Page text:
The event will begin with a facilitated conversation to explore the strengths and challenges of the response to sexual assault, domestic violence and safe space policies in our communities. Next a presenter from a to-be-announced radical initiative will join us to share their experiences and knowledge on organizing and responding to these issues. Finally, we will use the information gathered from the event to explore “what’s next” for our communities.

Our Intentions:
As a collective, we recognize the importance of ongoing dialogue about these difficult issues in order to ensure that our collective energy moves towards deeper understanding and healing rather than disconnection and alienation. We recognize that these discussions can be both triggering and challenging. A team will be available to provide additional support to you at the event.

Questions To Think About Prior To The Event:
– In your experience of sexual assault, domestic violence and/or safe space policies, what worked well or made you feel supported?
– What would you have liked to happen differently?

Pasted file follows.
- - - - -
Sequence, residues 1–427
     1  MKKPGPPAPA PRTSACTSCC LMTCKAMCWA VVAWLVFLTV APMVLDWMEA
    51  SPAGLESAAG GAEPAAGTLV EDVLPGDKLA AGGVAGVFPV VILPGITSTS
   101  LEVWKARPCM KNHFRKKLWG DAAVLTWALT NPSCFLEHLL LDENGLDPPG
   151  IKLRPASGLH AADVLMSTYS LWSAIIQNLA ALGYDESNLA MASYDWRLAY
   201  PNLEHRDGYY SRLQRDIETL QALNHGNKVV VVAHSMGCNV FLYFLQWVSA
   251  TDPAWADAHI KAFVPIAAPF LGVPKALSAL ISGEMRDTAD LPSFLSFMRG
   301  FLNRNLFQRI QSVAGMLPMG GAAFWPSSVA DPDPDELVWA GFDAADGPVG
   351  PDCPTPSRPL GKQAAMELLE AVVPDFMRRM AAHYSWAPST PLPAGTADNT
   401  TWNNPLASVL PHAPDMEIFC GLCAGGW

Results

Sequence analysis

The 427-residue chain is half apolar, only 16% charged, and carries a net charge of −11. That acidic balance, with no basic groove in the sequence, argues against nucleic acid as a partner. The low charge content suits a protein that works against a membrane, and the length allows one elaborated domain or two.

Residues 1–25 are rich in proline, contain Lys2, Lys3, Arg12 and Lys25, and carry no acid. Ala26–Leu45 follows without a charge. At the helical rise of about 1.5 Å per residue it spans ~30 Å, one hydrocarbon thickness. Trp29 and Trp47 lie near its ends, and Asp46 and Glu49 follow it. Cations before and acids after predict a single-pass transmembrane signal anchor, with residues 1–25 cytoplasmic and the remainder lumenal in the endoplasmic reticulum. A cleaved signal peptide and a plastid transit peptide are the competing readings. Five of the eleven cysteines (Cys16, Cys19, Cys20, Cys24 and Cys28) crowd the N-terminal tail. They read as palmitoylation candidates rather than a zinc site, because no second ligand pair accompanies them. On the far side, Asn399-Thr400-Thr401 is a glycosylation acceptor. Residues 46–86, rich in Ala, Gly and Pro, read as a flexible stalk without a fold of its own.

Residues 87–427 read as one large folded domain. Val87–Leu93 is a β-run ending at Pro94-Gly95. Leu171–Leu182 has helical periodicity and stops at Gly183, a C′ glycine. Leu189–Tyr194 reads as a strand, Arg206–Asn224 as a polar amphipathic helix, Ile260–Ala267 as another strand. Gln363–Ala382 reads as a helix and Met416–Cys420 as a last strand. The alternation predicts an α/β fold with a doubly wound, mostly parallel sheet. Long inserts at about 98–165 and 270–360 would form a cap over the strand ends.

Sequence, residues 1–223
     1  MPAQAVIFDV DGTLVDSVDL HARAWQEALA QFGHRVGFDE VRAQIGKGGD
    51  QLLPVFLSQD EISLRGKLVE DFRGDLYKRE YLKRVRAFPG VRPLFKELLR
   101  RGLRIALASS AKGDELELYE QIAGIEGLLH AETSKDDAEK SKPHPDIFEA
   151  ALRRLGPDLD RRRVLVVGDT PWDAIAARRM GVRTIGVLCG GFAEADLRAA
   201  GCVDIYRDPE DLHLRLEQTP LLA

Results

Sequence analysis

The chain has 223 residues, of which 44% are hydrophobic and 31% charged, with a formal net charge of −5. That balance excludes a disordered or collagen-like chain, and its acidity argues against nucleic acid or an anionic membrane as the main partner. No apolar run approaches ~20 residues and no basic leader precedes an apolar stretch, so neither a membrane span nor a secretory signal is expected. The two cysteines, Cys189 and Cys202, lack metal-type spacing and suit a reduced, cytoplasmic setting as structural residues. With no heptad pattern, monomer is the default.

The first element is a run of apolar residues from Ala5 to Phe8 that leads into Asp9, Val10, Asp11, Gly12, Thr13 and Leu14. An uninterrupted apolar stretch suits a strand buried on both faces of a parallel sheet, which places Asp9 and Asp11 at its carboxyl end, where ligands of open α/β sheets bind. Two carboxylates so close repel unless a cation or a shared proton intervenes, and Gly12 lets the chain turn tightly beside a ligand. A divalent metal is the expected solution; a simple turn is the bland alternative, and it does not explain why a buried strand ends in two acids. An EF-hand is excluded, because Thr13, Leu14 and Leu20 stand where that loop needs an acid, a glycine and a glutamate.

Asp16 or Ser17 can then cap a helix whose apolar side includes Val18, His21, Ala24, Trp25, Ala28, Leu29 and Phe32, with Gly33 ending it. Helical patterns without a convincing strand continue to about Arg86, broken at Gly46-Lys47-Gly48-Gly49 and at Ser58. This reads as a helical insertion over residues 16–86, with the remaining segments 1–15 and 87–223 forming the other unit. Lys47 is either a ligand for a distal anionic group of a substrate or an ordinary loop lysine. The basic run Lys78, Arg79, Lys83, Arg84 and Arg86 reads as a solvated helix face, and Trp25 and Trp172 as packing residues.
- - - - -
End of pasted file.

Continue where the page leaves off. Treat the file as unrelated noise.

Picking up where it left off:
* * *

Dicentra is a Portland, OR area collective actively engaged in creating radical communities of care, networks of support, and movements based on relationship building.

Dicentra Collective intends to create safe, learning space at our events. We ask that participants consider how their language and behavior impacts others in attendance. We are striving for a community that is supportive and inclusive. One where we are able to communicate and work to effectively resolve challenging situations.  It will take the collective accountability and awareness of each of us to create this kind of environment. A support team will be available to address any issues that may arise during our events; if you find yourself in need of support please seek out members of our team who will be identified at the start of each event.  Please visit www.dicentracollective.org for more information on our policies, procedures and support team.